This is the first installment of “Sabiduría: Words of Wisdom,” a collaboration with NPR’s Latino USA, which will feature conversations with established and emerging poets, as well as readings and excerpts of their work. In this interview, Pat Mora talks about missing the sound of Spanish as she migrates across the country, what it means to her to be bilingual, and feeling like she’s playing hooky every time she sits down to write. Mora writes fiction and poetry for both adults and children, as well as non-fiction with focus on education; her latest book is Zing! Seven Creativity Practices for Educators and Students.
Listen to Mora read “Immigrants,” “La Migra,” and “Ode to Names.”
Mouths full of laughter,
the turistas come to the tall hotel
with suitcases full of dollars.
Every morning my brother makes
the cool beach new for them.
With a wooden board he smooths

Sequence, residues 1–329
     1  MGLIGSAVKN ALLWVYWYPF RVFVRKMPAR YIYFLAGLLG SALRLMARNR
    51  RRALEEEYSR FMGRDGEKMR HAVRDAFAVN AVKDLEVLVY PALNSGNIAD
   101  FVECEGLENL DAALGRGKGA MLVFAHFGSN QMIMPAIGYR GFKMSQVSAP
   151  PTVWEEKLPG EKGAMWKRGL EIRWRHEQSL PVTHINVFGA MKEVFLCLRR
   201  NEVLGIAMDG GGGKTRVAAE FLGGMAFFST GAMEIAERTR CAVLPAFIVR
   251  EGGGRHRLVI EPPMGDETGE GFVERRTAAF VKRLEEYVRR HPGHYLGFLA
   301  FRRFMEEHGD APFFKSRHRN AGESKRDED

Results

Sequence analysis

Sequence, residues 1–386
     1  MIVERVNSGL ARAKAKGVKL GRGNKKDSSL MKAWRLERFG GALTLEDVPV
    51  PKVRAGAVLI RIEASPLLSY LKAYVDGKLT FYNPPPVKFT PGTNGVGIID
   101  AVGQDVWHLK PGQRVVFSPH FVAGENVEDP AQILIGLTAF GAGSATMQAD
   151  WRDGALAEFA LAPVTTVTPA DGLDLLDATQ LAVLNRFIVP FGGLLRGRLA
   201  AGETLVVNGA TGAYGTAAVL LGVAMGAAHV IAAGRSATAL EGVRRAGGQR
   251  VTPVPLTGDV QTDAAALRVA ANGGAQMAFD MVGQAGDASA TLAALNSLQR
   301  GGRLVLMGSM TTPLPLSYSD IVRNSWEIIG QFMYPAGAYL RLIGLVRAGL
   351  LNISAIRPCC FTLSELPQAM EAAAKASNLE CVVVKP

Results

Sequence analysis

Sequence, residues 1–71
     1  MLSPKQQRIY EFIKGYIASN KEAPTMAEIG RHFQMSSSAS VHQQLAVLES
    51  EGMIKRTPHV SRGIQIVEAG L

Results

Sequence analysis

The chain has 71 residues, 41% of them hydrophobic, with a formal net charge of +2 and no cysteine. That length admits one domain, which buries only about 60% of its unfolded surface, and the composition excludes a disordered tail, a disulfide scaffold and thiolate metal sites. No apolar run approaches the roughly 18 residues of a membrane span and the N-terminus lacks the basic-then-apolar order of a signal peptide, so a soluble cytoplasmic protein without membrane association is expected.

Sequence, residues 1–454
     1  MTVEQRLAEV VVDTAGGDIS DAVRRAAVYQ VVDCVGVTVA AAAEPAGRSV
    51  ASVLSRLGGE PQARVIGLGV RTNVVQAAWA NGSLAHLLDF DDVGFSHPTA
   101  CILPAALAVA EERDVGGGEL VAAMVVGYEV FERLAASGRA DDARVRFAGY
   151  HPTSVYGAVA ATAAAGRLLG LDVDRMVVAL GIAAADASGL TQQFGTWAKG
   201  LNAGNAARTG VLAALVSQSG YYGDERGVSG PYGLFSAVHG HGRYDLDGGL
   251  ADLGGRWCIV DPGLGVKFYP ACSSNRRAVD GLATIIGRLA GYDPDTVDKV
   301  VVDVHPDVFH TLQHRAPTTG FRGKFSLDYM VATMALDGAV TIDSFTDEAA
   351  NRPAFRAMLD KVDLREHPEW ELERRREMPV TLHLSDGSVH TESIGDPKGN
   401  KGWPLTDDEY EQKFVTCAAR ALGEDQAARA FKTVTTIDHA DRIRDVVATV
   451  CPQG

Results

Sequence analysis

away all footprints.
I peek through the cactus fence
and watch the women rub oil
sweeter than honey into their arms and legs
while their children jump waves
or sip drinks from long straws,
coconut white, mango yellow.
Once my little sister
ran barefoot across the hot sand
for a taste.
My mother roared like the ocean,
“No. No. It’s their beach.
It’s their beach.”
able to slip from “How’s life?”
to “Me’stan volviendo loca,”
able to sit in a paneled office
drafting memos in smooth English,
able to order in a fluent Spanish
at a Mexican restaurant,
American but hyphenated,
viewed by Anglos as perhaps exotic,
perhaps inferior, definitely different,
perhaps inferior, definitely different, (their eyes say, “You may speak Spanish but you’re not like me”
an American to Mexicans
a Mexican to Americans. . .
— “Legal Alien,” (Chants)